To make things just a touch easier, each of these introductory segments will simply be a very brief recap including a link to the respective day’s official review and the list of artists that appear in the video. Having spent the first official day of CMJ preparing for the rest of the week, the timeline’s off by a day but had this been the first official day, the festival would have kicked off with a band. Splitting time between The Cake Shop and Santos Party House, I managed to get videos of performances from the following artists: Worriers, Hooton Tennis Club, Car Seat Headrest, Seratones, Nico Yaryan, Yung, Shopping, Protomartyr, Downtown Boys, Perfect Pussy, and Dilly Dally. The official review of the day’s events can be found here.

2. CMJ: Day 3

Things kept moving along quickly on the second day, which included a long stretch at an early show over at Rough Trade before taking a brief pause to organize that show’s footage and prepare for the late show at Aviv. Between the two venues, the lineup was characteristically stacked and led to videos of performances from Shopping, Ezra Furman, Georgia, John Grant, What Moon Things, Mumblr, Meat Wave, Painted Zeros, Turn To Crime, and Yvette. The official review of the day’s shows can be found here.

3. CMJ: Day 4 

The festival’s exhausting nature started to creeping in on the third consecutive day of showgoing, though the deliriousness will always be worth the effort in the case of celebrating things like Exploding In Sound (who themselves were celebrating their fourth anniversary), Big Ups (who were celebrating their fifth year as a band), and Double Double Whammy. Once again splitting time between two venues– Palisades and The Silent Barn– I managed to get footage of performances from Leapling, Swings, Mal Devisa (backed by Swings), Dirty Dishes, Kal Marks, Washer, Stove, Palm, Greys, The Spirit of the Beehive, Big Ups, Palehound, Downies, Eskimeaux, and LVL UP. The official review of those events can be read here.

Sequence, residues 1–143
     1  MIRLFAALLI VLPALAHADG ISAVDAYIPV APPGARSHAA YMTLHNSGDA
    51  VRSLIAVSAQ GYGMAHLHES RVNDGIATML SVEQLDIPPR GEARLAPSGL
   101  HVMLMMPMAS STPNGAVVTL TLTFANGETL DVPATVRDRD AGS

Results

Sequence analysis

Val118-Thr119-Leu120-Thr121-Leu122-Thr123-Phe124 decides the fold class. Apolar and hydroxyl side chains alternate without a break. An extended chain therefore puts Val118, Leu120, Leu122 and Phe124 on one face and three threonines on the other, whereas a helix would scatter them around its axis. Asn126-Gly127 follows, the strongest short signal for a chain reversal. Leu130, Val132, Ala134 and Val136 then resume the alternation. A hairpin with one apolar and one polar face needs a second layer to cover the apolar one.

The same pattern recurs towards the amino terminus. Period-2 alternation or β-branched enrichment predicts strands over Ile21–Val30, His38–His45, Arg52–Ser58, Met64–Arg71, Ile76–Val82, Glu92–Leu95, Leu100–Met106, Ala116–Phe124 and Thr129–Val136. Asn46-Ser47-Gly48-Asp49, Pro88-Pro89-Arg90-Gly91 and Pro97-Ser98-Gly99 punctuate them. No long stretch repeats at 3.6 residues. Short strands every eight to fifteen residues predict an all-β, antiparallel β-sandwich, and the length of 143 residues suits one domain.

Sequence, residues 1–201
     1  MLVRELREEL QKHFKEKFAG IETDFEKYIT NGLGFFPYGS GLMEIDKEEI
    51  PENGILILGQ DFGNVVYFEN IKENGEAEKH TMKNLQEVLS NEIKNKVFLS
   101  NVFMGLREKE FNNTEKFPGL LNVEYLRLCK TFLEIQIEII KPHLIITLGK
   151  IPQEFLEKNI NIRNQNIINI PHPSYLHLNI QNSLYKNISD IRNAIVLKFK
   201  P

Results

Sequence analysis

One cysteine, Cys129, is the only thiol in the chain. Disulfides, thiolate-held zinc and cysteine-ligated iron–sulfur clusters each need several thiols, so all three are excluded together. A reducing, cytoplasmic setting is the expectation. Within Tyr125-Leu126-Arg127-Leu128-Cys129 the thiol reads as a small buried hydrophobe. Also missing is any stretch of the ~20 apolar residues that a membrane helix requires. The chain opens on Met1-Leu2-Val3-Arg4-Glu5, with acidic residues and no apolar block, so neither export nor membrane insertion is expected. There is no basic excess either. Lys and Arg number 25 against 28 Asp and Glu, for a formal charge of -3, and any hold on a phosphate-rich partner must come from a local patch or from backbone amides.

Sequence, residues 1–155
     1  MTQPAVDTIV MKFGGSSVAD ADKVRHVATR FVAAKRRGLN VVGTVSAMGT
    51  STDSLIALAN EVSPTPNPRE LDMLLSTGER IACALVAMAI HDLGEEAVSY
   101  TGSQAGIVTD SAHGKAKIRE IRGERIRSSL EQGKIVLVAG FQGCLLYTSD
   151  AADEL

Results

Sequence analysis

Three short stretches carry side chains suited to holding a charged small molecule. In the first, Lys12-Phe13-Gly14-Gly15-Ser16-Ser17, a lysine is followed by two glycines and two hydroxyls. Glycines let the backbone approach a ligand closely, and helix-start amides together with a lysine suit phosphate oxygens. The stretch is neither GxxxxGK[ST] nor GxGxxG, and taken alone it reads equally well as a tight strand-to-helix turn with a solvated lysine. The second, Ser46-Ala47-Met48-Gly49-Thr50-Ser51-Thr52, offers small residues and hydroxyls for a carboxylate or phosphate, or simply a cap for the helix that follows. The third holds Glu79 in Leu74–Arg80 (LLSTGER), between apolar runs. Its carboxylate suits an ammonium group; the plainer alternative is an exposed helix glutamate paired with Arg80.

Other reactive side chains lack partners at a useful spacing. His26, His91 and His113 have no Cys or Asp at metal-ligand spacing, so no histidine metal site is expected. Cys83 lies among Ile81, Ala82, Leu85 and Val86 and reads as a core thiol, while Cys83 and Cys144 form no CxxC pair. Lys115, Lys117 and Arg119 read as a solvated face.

4. CMJ: Day 5

Easily the most exhausting of the five day stretch, the fifth official day of the festival found me completely ignoring food in favor of sprinting a mile to catch one of my favorite acts four times over. While a fraction of the day was spent running to and from an official CMJ showcase and the AdHoc Carwash (which was detached from the festival completely but boasted one of the week’s strongest lineups), the effort proved to be worthwhile, as a large collection of bands delivered knockout sets and everything culminated in a triumphant moment for one of my closest friends. In all the back-and-forth, I was still able to manage to capture performances from the following artists: Protomartyr, Potty Mouth, Pity Sex, Dilly Dally, LVL UP, Porches., Perfect Pussy, Meat Wave, Mothers, and Cloud Castle Lake. The review of that day of relative mania can be read here.

5. CMJ: Day 6

Despite the festival’s posted end date being the October 17, this collaborative showcase a day later between Father/Daughter and Miscreant was still billed as a part of the festival and felt like an appropriate epilogue; a summation of what’d come before and a fitting end-cap for a very strong run. Confined to just one venue, the sleep deprivation caused me to miss the first trio of acts (and quietly curse myself out for doing so in the process) but still show up in time for the final 10. On the final day of reckoning, I captured videos of performances from the following artists: i tried to run away when i was 6, Downies, Romp, Comfy, Vagabon, fern mayo, Bethlehem Steel, Diet Cig, Sports, and PWR BTTM. The official review of the festival’s final event can be read here.

CMJ: Day 6 Review

IMG_1277

Even though CMJ’s official schedule had been capped at October 17, the stacked collaborative showcase between Father/Daughter and Miscreant was still being rightfully billed as a CMJ event. It also turned out to be the day where my schedule finally caught up to me and caused me to sleep through multiple alarms before, for the third consecutive day, realizing I was in jeopardy of missing much more than I wanted to and booking it for the nearest venue or transit option. Getting approximately 16 hours of sleep over the course of five days occasionally has that effect.